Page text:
Also to the OP, choosing between 32/64bit really doesnt add that many options. If the home basic/premium/pro/ult isn't that bad, choosing 32/64 will not be overwelming at all. If you have a 64-bit compatible cpu, choose 64-bit, otherwise, 32. It doesnt have any difference in the number of features or anything...

RE: Simple, effective
By crleap on 6/8/2009 2:38:42 AM , Rating: 3
The main reason I'd go with the 64 bit is the RAM limitation of the 32 bit. Most newer i7 computers built will be using 6gb ram most likely. By the time W7 hits the streets, 4gb will likely be the minimum for new computers (built by the likes of us)

RE: Simple, effective
By inighthawki on 6/8/2009 8:23:25 PM , Rating: 2
This is true. Just 2 days ago my mom went out to buy a new laptop, nothing special, and most of the low end models had 3-4GB of DDR2 in them, i believe all of the 4GB models were running vista 64. I have no doubt that 64-bit will be taking over completely soon.

RE: Simple, effective
By kkwst2 on 6/9/2009 8:46:13 AM , Rating: 2
Yes and 4 GB is not a good option for the triple channel i7, since RAM should now be configured in multiples of 3.

RE: Simple, effective
By phatboye on 6/8/2009 4:08:00 AM , Rating: 4
If memory serves me correct it was not a rumor, MS really did originally want to have only 64 bit versions of Win 7 but they got so much negative feedback from OEMs and corporate users that they decided to offer a 32 bit version as well.

MS has stated in the past though that this will be the last 32 bit version of windows that MS releases, I hope they stick to that statement.

RE: Simple, effective
By SeeManRun on 6/7/2009 6:40:16 PM , Rating: 2
I thought i read somewhere windows 7 is 64 bit only?

That is incorrect

RE: Simple, effective
By Silver2k7 on 6/8/2009 2:33:46 AM , Rating: 2
It is but since 64-bit CPU's have been around since what 2003? *talking AMD/Intel*

Does it even make sense to put recources to make a 32-bit version in 2009??

64-bit has been around in supercomputers since the 1960's according to wikipedia.

so the question remains.. why make a 32-bit version.
if only having a 64-bit version developers would have had a single option to focus on wich imho would have been better.

RE: Simple, effective
By haukionkannel on 6/8/2009 5:08:13 AM , Rating: 5
Because most computer are 32 bit - yes even now - but they are being replased at good speed. (Even today they sell "new" 32bit computers. Aren't some of those Atoms 32bit? Not sure of this...) Well in any way The bigger consern is that those big companies have so much 16bit and 32bit custom made programs in their systems that they want to have support for them.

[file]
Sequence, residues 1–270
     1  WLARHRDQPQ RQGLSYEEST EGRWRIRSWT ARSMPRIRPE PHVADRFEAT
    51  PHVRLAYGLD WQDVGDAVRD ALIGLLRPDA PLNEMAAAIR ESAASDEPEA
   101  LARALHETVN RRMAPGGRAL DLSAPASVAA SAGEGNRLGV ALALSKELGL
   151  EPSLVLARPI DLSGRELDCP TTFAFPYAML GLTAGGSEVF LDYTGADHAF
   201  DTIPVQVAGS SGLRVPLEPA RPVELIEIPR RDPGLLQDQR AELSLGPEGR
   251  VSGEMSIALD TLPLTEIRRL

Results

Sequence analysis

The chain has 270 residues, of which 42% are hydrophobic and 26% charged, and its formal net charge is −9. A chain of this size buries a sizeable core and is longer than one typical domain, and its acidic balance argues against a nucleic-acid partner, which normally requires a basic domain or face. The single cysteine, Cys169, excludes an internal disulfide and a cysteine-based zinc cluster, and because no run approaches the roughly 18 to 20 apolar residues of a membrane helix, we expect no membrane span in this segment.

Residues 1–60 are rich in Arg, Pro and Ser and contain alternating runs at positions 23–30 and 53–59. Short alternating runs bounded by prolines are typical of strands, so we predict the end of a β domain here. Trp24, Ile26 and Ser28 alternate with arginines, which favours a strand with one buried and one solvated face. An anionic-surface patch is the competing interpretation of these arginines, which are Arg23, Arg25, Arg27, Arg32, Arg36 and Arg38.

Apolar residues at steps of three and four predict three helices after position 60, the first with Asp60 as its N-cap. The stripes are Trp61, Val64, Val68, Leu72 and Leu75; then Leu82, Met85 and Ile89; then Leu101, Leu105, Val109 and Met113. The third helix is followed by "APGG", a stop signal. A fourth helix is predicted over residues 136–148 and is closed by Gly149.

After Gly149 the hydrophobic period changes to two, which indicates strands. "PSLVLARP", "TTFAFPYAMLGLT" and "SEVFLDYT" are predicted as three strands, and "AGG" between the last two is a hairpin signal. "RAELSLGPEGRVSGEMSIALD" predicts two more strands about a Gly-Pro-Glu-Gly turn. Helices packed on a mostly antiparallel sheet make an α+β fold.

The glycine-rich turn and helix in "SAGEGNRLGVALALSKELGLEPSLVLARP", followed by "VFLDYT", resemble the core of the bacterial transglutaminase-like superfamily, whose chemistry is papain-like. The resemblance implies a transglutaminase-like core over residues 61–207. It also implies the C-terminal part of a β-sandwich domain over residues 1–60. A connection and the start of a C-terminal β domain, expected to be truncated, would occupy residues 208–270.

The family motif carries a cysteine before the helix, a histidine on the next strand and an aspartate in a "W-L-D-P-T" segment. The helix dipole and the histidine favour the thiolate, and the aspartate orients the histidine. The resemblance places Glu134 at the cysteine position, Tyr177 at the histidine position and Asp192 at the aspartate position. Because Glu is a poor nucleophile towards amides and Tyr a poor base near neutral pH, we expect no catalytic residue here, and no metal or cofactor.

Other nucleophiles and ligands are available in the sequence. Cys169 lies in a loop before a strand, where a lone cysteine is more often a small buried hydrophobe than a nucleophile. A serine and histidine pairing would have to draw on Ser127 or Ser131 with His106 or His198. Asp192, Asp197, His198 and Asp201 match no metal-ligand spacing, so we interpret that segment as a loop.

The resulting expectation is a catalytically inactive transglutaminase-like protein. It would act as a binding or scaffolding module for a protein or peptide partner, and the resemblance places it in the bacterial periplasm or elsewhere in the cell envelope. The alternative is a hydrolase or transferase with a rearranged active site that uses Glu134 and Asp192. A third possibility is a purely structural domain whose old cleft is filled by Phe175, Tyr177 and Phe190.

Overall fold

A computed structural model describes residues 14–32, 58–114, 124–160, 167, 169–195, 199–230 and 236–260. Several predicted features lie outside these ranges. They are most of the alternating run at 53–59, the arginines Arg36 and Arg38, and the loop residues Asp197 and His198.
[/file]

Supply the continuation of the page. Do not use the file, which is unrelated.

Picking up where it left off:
RE: Simple, effective
By martinrichards23 on 6/8/2009 6:20:33 AM , Rating: 1
1) How many people who have a 32bit computer will want to install the latest version of windows?

2) If you are running very old 16bit/legacy software, and yet you still want to upgrade to the latest operating system, when XP/Vista are still perfectly decent, then you should be fired from your job.

RE: Simple, effective
By Smilin on 6/8/2009 9:27:47 AM , Rating: 3
I'll agree with you on 16bit apps. If you still have them they should have been virtualized long ago.

Hardware is different though. There are still a lot of hardware devices out there that only have 32bit drivers. Having Win7 be 32/64 still makes sense.

RE: Simple, effective
By cfaalm on 6/8/2009 6:16:46 AM , Rating: 2
Sometimes developpers need more than a decent 64-bit OS (thought it is a start) before commiting any resources to their 64-bit development. In the audio market e.g. there's the ecosystem: soundcards + drivers, plugins, (add-on) DSP cards w/software, they all have to be 64-bit compatible. If none are around, then a 64-bit app itself is close to useless even if the OS is there. While audio productions can benefit greatly from a 64-bit environment, it is necessary to have a coordinated approach and a kind of partnership before anything can be realized.

RE: Simple, effective
By FITCamaro on 6/8/2009 7:57:18 AM , Rating: 3
No it just should have been. If you want 32-bit, should have to stick with XP or Vista.

RE: Simple, effective
By sld on 6/8/09, Rating: -1
RE: Simple, effective
By Operandi on 6/7/2009 7:12:34 PM , Rating: 2
Home basic should be almost non-existent from what I've heard. Also Pro has all the features of Home Pre unlike Vista Business.

RE: Simple, effective
By dare2savefreedom on 6/7/09, Rating: -1